The Dimond Branch Library is temporarily closed for remodeling and will reopen on July 15, 2017. For more information see our updated announcement.
Boxer or Saint?
Posted by Jenera Burton on Friday, February 21st, 2014
I know that we're only in February, but these are the best books I've read all year. Yang's Boxers & Saints are both epic and dramatic and cinematic. I skipped House of Cards to finish these books and that's saying a lot.
I know that we're only in February, but this is the best book (actually two books) I've read all year. This set is epic and dramatic and cinematic. I turned off House of Cards to finish these books and I've skipped meals and sleep to catch up on that series. In these and earlier books, Gene Yang has taken on the topics of race, nationality, immigration, religion and family with with honestly and humor, but without sweetener. As the story goes, he was asked to write the reboot of the Avatar series (airbender, not blue people) after a blog post expressing his outrage at the lack of Asian and Inuit actors in the movie cast. It kept me from seeing the movie.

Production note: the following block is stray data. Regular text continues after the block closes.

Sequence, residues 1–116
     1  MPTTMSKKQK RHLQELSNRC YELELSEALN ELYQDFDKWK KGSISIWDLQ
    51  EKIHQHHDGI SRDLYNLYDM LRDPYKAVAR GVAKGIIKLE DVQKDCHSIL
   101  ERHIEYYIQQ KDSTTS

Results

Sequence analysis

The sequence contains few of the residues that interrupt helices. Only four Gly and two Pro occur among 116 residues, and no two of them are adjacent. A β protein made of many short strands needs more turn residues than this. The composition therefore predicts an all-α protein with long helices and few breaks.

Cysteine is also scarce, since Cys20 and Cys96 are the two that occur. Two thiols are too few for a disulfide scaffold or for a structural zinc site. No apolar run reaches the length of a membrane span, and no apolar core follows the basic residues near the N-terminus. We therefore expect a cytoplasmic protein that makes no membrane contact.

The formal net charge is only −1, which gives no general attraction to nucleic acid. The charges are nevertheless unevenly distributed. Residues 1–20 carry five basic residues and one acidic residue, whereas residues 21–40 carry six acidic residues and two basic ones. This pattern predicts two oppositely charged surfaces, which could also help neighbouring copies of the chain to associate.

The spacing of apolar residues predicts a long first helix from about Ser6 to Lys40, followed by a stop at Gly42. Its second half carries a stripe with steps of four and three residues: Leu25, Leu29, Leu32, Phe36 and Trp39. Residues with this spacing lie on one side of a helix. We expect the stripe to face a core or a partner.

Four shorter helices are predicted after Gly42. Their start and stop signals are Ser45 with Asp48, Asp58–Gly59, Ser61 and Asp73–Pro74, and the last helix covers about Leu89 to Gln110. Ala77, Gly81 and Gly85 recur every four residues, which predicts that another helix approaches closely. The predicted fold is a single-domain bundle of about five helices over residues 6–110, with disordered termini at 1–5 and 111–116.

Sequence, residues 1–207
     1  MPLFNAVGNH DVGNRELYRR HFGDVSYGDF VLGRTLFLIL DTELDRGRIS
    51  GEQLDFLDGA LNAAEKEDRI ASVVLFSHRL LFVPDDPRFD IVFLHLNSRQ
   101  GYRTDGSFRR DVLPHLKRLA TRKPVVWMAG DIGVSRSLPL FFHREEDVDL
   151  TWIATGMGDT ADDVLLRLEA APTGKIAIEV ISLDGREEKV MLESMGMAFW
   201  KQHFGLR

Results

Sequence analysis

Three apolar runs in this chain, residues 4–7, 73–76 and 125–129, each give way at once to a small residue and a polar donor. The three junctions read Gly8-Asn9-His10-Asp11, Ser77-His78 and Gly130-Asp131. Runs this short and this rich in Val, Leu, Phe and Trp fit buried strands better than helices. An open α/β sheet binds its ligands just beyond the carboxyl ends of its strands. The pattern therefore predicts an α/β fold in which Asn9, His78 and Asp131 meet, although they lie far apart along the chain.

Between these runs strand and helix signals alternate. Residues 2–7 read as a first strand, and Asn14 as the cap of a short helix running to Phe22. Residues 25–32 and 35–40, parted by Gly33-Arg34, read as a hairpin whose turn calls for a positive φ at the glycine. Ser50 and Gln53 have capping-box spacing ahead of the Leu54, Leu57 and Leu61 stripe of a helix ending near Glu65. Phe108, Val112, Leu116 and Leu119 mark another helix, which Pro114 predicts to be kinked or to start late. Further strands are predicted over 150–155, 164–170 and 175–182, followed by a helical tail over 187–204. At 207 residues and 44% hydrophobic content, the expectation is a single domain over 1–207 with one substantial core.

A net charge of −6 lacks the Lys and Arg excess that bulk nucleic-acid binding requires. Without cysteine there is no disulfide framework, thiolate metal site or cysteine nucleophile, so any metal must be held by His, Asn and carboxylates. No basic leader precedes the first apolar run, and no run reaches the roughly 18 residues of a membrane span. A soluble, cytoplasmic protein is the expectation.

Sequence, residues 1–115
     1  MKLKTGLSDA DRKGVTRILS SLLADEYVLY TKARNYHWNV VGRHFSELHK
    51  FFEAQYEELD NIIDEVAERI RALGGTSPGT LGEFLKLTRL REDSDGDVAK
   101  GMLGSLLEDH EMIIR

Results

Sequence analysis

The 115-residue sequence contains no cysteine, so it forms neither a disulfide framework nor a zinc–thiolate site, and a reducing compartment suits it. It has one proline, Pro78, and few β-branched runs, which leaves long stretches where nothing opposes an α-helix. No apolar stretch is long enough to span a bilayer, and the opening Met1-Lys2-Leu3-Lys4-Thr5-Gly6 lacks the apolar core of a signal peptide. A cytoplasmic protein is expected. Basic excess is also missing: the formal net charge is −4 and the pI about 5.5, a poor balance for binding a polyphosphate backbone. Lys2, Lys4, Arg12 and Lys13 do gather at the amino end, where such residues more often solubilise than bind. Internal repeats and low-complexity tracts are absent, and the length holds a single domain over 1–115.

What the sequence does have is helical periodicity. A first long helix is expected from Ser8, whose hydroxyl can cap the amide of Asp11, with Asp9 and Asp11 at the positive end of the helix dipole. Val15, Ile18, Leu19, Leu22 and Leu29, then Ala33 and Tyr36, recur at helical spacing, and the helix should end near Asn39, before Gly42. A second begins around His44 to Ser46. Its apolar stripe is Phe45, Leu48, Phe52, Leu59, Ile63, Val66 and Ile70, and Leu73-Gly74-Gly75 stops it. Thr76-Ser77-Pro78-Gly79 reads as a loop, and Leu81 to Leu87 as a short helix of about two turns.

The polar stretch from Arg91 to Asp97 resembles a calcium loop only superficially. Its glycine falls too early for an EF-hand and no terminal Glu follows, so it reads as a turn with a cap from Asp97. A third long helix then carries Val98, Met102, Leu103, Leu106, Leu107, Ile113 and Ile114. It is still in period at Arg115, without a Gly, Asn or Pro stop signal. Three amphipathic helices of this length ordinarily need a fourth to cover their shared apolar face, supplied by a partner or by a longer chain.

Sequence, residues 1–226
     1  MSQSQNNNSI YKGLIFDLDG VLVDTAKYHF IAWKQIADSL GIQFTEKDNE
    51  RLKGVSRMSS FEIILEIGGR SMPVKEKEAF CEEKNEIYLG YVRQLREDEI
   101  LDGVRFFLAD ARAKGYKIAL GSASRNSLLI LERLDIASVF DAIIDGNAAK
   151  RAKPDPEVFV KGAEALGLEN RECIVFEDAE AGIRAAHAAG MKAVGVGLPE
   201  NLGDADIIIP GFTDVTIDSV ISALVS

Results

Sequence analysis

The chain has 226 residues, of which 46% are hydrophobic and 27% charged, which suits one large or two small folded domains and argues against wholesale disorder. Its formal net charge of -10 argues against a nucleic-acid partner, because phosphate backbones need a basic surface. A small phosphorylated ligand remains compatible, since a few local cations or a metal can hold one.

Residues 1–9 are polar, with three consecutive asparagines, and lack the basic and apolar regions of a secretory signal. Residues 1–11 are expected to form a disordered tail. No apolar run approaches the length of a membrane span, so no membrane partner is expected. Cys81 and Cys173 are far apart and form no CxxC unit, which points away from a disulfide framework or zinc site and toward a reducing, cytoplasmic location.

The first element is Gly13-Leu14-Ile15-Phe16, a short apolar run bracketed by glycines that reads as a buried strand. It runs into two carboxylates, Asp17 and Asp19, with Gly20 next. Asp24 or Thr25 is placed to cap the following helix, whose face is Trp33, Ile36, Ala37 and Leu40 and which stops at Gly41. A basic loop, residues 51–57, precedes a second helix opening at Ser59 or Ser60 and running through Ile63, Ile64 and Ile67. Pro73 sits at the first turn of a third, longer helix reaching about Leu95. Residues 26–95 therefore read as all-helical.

In Boxers and Saints we meet Little Bao, the youngest in boy in his family, and Four-girl, a child from a family with so many issues, they fail to give her a proper name. They are both coming of age in rural villages during the Boxer Rebellion in China; "foreign devils" have brought terror, political influence and a new religion. To some Chinese, the arrival of these foreigners means grief and destruction, to others it's safety and community in the short-term and the promise of an afterlife in heaven. Villagers must chose between this promise of community and afterlife and betraying their family, traditions and country on earth.
Both young people chose to become crusaders for their causes, Bao with aide of the ancient Chinese gods and the Society of Righteous and Harmonious Fist defending the Chinese homeland, and Four-Girl, now with the Christian name Vibiana, with Joan of Ark on her side defending her faith.
If you don't know Gene Luen Yang and Lark Pien, and really, why don't you know them, their local, at least get to know their work. You won't be disappointed.
Are you a Boxer or a Saint? Let's talk about nationality and religion, but keep it civil, and about comics if you can.
Submitted on February 21, 2014 by Jenera Burton, Piedmont Ave branch Library